Private Peaceful also helped bring the public’s attention to the issue of the soldiers who were executed in the First World War
I’ve no doubt it made a contribution when the whole question of what we should do about those soldiers executed for cowardice or desertion was being debated. Those trials were simply not justice, and those men were wrongly called unworthy. Their families were campaigning for a long time to get them pardoned, and I’m not suggesting it’s the play that did it but I don’t think it hurt; the play came out at a certain time and reinforced these people as men, not as simply executed soldiers who were worthless. And the Government did finally turn round and change their minds. I’m not saying it did everything but the play certainly added to that pressure, it added to the awareness and I do think that the arts can do that.
How were you first made aware of the issue?
I only discovered it really by chance in a museum in Ypres in Belgium. The man who runs it is one of the world’s authorities on the trials of these soilders. And I saw one of the exhibits which was a letter from the army to a mother, I think it was in Salford, which said ‘we regret to inform you that your son was shot at dawn’, dated 1916. There was also an envelope with the address and you could see the rip in the envelope and I thought then how dreadful it must have been for the mother to receive that news. That’s what made me write the book and then I thought ‘well that’s one, how many other cases were there?’
He then showed me the records he had and I think there were just over 300 soldiers shot - roughly 3000 were condemned to death and 300 of those were shot. And when you read the trials, some of them didn’t last more than 20 minutes so. Twenty minutes for a man’s life. And you see perfectly well through the nature of the conversation that they’d already made up their mind before. It was barbaric. Many of these soldiers had already been in hospital with shell-shock.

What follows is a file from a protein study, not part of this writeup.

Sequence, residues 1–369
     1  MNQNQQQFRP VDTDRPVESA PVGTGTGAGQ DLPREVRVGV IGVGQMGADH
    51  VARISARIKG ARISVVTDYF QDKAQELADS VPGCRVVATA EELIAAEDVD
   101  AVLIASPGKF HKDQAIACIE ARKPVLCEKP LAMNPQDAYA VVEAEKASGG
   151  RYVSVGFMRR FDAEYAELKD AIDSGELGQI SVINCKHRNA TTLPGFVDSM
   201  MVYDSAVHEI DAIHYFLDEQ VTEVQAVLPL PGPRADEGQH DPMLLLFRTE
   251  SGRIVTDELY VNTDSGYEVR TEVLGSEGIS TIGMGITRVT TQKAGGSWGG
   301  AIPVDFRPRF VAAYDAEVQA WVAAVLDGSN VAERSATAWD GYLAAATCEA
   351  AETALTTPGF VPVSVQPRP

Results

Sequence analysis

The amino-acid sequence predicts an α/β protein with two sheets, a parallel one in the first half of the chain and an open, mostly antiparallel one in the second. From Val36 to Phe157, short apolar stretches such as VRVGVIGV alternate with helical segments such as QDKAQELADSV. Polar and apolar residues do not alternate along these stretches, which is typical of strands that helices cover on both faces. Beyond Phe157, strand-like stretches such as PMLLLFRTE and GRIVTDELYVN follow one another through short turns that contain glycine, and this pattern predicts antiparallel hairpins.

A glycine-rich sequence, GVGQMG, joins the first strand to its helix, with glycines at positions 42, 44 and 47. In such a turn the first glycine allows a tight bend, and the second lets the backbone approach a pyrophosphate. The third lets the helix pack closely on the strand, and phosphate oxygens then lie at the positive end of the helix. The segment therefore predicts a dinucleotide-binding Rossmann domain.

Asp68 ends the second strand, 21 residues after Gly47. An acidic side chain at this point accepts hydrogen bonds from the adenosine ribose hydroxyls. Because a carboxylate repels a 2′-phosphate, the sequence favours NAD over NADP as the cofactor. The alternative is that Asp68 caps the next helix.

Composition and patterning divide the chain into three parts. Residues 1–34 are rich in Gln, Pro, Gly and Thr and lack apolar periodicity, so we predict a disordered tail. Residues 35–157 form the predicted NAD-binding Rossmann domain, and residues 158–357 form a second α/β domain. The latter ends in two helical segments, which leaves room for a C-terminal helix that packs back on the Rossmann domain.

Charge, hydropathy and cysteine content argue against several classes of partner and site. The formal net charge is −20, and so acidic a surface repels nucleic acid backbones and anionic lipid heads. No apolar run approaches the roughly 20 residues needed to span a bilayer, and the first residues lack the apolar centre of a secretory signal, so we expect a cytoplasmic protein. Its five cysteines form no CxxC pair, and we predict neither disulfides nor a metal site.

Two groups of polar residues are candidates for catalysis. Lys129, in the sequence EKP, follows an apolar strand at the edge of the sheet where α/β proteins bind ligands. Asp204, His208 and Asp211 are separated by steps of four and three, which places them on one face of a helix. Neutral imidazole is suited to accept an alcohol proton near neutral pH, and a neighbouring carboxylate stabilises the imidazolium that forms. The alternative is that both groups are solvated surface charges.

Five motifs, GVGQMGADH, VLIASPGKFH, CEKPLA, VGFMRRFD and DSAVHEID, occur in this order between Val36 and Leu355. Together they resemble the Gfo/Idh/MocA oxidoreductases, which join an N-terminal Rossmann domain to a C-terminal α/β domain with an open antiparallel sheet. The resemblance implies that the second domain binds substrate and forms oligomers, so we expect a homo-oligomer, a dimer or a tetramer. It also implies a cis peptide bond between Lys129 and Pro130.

There seems to be a lot of nostalgia for that period currently, the ‘Downton Abbey’ effect
That’s precisely why something like Private Peaceful, and the dark side of War Horse, is so important. We cannot cover it over with soft light and nostalgia, it was not like that, it was the most dreadful nightmare. It was a Holocaust and to look back and think they were the good old days is simply wrong. If I go to the graveyard in my little village in Devon and look at the age people died, 40 or 50 was a decent age for them and they were crippled very often by arthritis, their houses were damp. Yes it was very settled, and everyone knew their place, there’s no doubt about that. But it was not the good life - we have the good life now. We all have hot baths, can you imagine that?
Finally, if you choreographed the Olympics Opening Ceremony, what would you include?
I do feel very strongly that one thing this country has done which people don't shout about is our tradition of telling stories for young people. Two or three hundred years we’ve been telling iconic stories to young people and writing them. I think we don’t talk about this very much and I'd love to include a parade of everything from Lewis Carroll up to JK Rowling. These stories and the characters that have been created - whether it's Peter Rabbit or Paddington Bear - have spread around the globe. I'd put them centre stage.
NB: This interview was recorded shortly before the Opening Ceremony, which did feature JK Rowling and a tribute to children's literature
Don't miss our Outing to Private Peaceful on 25 September 2012 which features a post-show Q&A with Reade and the show's star - click here for info and to book. A big screen version is due to be released next month.